So I’ve been back from Amsterdam for a couple of days and have been reflecting on what I learnt and who I spoke to at Black Hat. I realise a lot of the really juicy info was exchanged under a verbal NDA so I can’t disclose any of that. I also acknowledge I didn’t speak to everyone in attendance so may have missed the most crucial pieces of information, instead I’ll focus on which speakers I got a chance to talk to and what I took away from it all.
Apparently small is the new black. We’ve had a rapid miniaturisation of technology and a rapid decline in costs which have made these a great arsenal in any attackers toolkit. Coupled with this, you have the legacy systems being retro-fitted with small communications channels and devices as elaborated on by Don Bailey’s talk “War Texting: Weaponising machine to machine systems.” He illustrated how legacy devices and systems such as cars, water pumps, medical equipment etc. are all being retro-fitted with some wireless capability of some sort. Be it for monitoring purposes or remote control. All of these have increased the attack points and a conscious effort needs to be made by both systems manufacturers and implementers to ensure security is adequately designed. (no prizes for guessing if it is being implemented properly).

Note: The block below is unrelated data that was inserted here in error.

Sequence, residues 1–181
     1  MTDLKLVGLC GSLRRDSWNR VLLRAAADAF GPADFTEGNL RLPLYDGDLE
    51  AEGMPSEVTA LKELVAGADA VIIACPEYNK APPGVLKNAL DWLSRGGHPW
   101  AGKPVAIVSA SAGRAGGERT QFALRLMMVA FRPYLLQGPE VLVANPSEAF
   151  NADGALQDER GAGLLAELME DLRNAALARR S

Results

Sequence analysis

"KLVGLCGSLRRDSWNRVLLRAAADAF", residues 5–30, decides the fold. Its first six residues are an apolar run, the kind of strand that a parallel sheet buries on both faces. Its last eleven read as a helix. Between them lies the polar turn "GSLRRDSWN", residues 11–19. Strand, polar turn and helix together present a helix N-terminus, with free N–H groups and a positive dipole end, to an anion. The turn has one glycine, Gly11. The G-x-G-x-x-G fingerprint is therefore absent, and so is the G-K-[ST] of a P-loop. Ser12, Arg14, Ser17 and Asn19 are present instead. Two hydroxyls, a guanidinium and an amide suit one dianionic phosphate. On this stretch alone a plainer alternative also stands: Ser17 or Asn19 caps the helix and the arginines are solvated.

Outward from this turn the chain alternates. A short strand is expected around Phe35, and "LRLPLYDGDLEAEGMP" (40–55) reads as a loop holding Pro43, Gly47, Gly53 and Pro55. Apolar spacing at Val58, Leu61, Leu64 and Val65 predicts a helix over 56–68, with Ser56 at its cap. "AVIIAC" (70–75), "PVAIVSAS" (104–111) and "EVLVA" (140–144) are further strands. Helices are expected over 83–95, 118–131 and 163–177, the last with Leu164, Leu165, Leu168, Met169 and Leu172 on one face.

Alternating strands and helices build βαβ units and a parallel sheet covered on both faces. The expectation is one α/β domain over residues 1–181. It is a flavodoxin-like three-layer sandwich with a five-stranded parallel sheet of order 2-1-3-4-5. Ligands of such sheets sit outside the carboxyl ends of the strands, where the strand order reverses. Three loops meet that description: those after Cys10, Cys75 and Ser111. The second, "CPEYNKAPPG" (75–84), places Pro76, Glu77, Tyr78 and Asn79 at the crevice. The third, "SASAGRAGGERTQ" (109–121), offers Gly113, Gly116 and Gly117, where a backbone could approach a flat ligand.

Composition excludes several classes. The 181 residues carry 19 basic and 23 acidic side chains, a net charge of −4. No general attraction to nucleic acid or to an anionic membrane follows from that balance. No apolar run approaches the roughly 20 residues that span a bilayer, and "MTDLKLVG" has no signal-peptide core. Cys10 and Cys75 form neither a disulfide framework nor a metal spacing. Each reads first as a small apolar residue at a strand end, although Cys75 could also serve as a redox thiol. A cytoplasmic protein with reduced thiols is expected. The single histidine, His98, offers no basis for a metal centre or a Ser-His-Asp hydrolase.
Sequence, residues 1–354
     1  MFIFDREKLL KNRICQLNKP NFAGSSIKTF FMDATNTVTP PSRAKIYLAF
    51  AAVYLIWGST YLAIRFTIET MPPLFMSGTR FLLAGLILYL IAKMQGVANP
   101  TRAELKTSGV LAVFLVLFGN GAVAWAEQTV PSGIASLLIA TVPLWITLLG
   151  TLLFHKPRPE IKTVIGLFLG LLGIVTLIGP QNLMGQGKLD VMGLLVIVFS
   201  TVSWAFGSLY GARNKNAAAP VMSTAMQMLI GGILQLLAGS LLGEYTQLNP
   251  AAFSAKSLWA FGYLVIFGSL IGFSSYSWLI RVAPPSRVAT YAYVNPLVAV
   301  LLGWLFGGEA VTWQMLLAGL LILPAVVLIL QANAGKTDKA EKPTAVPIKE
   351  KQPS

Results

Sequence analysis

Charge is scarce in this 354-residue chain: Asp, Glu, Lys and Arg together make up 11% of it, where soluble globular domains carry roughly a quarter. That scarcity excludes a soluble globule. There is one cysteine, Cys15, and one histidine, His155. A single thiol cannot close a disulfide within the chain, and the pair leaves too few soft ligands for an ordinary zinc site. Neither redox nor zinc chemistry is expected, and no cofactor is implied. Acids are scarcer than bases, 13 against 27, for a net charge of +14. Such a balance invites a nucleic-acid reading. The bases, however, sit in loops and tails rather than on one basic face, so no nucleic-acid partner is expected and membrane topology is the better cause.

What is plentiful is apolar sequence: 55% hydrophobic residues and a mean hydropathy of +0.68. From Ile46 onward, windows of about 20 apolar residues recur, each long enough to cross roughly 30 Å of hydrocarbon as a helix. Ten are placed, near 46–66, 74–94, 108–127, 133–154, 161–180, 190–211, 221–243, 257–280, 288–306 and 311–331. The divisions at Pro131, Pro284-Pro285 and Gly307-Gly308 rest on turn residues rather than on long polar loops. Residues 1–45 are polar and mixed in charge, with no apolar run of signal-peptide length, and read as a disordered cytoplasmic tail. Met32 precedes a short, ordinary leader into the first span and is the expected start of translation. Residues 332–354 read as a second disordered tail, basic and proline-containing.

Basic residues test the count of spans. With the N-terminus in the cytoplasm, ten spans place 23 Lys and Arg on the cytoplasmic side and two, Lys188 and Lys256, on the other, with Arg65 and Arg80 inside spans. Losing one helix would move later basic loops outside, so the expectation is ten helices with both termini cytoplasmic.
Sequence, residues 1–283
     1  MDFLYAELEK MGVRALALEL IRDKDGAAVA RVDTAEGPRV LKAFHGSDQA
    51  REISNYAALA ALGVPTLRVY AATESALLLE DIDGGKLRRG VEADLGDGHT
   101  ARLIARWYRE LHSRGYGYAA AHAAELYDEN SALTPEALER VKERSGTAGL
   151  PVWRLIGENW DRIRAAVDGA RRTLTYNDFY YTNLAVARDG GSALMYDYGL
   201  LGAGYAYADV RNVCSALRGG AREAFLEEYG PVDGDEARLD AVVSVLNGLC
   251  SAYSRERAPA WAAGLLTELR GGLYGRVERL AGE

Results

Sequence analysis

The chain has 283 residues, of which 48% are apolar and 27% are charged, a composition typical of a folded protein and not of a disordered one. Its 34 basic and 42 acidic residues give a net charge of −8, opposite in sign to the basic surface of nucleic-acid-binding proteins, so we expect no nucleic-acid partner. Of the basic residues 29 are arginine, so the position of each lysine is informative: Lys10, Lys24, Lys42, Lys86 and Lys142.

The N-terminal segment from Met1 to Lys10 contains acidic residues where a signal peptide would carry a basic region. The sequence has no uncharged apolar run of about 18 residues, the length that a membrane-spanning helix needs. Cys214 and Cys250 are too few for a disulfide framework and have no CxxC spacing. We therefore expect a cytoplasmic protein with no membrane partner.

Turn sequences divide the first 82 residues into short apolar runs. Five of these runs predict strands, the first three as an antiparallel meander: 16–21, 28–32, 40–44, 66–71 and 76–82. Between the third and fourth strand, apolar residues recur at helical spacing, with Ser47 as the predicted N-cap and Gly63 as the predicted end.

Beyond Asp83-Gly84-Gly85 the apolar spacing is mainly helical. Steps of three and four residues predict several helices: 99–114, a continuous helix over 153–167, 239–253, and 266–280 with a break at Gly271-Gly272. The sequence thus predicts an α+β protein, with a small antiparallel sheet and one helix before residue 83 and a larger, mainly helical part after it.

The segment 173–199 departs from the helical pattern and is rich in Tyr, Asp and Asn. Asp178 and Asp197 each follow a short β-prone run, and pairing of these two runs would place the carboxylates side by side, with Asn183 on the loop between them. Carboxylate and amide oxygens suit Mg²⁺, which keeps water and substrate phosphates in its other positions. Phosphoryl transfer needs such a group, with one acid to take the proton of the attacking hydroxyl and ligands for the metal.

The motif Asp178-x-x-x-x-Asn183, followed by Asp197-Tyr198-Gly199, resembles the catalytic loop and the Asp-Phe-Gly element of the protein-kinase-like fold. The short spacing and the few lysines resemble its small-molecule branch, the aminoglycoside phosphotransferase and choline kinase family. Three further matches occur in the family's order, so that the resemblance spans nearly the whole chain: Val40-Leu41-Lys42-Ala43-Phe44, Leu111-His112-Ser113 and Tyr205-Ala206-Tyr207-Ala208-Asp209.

Steve Lord took apart a Mifi Router (one of those portable personal hotspots) and demonstrated how they could be re-configured and used for nefarious purposes. Be it simply in your pocket as you walk along a public place, swallowing data, or tossing it over a fence into the range of an office. The possibilities are only limited by your imagination, which, if you’re Steve Lord is virtually limitless.